Changing the IDOBAO ID80's RGB Settings
Recently, I built my first mechanical keyboard. It took forever, mostly due to my inexperience and initial reluctance to do things “correctly.” Namely, I was at first skeptical about the idea of lubing switches and tuning stabilizers. Why would I spend so many hours on something so fiddly? After a couple weeks of procrastinating and then watching Youtube tutorials while waiting for tools to ship to me, I did it - I figured that I’d spent way too much money on the keyboard itself to not go through the whole process.
After finally finishing the build, I plugged in the keyboard and found that it glowed bright red. The keyboard itself is quite beautiful, so I was hoping for something a bit prettier - like the rainbow lights pictured on the Drop website.
Eventually, I learned from a Youtube video that I could just press a couple of keys to change the keyboard’s RGB underglow settings. I didn’t see this documented anywhere besides that video, so I figured I’d write it down.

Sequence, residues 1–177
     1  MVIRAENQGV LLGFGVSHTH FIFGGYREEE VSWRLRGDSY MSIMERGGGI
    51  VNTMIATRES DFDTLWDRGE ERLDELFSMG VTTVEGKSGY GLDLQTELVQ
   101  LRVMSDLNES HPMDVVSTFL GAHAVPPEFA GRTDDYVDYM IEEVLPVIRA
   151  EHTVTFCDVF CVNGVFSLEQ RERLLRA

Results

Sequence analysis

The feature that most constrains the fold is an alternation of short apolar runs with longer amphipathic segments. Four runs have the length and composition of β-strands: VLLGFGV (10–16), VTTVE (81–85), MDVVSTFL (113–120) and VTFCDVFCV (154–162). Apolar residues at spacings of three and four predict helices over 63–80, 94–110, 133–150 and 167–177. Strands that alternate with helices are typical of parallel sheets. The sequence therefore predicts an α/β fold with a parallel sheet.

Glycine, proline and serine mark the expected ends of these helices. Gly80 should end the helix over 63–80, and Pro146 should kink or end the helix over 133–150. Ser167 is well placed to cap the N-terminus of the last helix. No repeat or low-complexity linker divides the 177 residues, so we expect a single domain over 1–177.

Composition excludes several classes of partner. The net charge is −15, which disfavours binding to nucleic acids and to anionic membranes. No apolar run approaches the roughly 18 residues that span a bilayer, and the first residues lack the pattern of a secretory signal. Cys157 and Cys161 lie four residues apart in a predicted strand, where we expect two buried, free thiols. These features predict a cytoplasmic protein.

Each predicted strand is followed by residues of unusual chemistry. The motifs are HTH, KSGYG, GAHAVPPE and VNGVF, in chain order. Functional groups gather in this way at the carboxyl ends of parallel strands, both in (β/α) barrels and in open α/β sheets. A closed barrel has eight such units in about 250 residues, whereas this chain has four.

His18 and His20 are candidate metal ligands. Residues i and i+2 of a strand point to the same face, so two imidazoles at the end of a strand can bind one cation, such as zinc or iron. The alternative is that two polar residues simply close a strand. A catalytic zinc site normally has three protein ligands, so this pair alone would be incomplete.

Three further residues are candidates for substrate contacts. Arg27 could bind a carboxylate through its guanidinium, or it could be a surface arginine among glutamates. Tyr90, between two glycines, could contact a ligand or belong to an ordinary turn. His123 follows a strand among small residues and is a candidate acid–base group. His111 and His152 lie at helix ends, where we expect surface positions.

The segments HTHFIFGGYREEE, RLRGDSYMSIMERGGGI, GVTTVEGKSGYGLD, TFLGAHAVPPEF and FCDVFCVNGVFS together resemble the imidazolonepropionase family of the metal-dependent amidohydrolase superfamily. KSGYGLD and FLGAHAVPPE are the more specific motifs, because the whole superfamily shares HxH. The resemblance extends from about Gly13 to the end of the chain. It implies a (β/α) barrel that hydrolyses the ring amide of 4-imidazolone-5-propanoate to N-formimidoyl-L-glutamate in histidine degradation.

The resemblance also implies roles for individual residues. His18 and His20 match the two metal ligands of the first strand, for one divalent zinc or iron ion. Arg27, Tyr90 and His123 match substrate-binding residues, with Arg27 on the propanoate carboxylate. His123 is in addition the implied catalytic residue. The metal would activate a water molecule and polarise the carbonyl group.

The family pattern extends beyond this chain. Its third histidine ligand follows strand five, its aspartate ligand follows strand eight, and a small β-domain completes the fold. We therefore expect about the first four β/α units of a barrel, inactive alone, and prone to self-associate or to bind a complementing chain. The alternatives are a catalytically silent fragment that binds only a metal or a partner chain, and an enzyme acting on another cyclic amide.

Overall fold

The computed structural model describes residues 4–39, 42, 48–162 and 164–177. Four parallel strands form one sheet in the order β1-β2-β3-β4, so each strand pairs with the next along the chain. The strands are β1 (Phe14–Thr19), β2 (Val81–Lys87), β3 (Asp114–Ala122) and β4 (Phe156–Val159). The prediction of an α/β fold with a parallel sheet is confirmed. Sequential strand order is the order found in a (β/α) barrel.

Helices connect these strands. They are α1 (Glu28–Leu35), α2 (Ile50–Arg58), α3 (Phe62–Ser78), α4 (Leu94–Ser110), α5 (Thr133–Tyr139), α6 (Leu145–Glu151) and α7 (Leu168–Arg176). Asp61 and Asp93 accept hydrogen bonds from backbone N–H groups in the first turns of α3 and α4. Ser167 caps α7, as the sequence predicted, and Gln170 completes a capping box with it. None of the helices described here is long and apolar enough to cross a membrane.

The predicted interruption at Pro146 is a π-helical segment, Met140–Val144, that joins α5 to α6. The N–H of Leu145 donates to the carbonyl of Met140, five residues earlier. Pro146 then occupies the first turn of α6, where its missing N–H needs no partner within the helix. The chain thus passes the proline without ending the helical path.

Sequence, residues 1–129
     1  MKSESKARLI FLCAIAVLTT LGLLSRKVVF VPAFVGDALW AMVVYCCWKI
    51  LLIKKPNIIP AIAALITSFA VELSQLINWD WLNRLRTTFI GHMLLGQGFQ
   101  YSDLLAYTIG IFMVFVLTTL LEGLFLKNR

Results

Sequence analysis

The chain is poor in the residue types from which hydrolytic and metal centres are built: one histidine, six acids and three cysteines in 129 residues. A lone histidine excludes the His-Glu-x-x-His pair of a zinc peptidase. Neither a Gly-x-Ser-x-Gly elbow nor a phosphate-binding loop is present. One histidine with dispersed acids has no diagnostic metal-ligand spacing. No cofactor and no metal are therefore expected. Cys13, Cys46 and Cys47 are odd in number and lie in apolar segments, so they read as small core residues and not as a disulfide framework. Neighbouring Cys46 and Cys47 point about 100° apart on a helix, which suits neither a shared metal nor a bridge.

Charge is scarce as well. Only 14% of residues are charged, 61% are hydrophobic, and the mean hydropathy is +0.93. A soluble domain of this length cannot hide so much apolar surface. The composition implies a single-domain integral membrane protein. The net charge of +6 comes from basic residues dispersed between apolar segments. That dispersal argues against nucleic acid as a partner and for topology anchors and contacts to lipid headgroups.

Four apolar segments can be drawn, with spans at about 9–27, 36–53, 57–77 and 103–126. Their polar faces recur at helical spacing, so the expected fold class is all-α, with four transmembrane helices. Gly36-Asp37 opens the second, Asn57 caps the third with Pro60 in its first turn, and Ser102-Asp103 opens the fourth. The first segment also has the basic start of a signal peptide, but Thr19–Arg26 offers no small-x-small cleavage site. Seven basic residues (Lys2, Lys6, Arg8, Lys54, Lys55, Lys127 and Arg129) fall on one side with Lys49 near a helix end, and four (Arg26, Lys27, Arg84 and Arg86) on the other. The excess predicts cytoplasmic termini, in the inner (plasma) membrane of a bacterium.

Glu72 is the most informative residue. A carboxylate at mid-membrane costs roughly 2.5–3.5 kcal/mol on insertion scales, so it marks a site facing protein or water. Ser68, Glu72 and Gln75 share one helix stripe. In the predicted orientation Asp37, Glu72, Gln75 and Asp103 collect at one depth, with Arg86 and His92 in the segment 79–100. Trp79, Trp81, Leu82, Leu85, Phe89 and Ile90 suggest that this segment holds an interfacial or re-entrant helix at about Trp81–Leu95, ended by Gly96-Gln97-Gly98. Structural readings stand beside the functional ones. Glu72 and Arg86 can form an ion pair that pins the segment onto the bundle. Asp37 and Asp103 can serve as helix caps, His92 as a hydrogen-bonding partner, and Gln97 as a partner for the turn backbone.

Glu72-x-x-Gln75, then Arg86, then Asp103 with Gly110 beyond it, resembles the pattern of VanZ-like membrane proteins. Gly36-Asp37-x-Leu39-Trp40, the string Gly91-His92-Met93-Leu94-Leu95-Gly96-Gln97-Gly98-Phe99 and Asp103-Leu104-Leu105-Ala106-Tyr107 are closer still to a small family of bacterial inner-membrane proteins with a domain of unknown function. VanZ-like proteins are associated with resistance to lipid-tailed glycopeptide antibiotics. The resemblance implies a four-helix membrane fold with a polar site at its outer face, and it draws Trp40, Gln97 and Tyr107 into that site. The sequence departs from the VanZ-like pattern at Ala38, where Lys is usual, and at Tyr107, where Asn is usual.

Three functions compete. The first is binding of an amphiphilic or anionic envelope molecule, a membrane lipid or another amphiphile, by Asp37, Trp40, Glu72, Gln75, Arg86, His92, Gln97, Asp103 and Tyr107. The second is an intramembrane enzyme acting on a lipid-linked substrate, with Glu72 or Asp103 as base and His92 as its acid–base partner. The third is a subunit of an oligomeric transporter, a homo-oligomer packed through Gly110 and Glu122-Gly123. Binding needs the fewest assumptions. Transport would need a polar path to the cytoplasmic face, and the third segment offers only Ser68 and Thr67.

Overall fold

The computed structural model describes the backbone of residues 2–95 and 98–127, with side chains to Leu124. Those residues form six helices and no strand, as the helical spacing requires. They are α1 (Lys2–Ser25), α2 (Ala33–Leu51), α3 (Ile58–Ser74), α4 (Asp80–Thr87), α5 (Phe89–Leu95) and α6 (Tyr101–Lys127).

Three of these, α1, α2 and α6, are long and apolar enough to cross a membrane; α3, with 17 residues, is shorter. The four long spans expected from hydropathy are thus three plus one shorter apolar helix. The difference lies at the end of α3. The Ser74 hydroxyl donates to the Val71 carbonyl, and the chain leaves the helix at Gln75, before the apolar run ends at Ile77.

The key immediately to the right of the
F12 key switches to the layer containing RGB controls - that layer exists in the keyboard by default. I learned this from the aforementioned Youtube video and from playing around with the QMK Configurator UI (here is a helpful QMK Configurator tutorial - I also used it to customize and compile keymappings).
Holding that key down while pressing other specific keys controls different RGB settings. Here were a few helpful ones:
Q- Turns RGB mode off or on
E- Toggles between various RGB modes
R- Increase the hue
T- Decrease the hue
Y- Increase saturation
U- Decrease saturation
I- Increase brightness
O- Decrease brightness
You can see that layer’s default key mappings in the QMK Configurator if you switch the view to layer 1. It looks like this:
I’ve now switched things up, but I’m sure I’ll want to revisit these settings again. This will be a helpful quick reference for myself.
As for building mechanical keyboards . . . Would I do this all again? Probably not. I like this keyboard just fine and enjoyed some of the build itself - I can definitely see why so many people love to build and customize mechanical keyboards. It’s just not the hobby for me. But I’m glad I tried it and that I now have a pretty keyboard!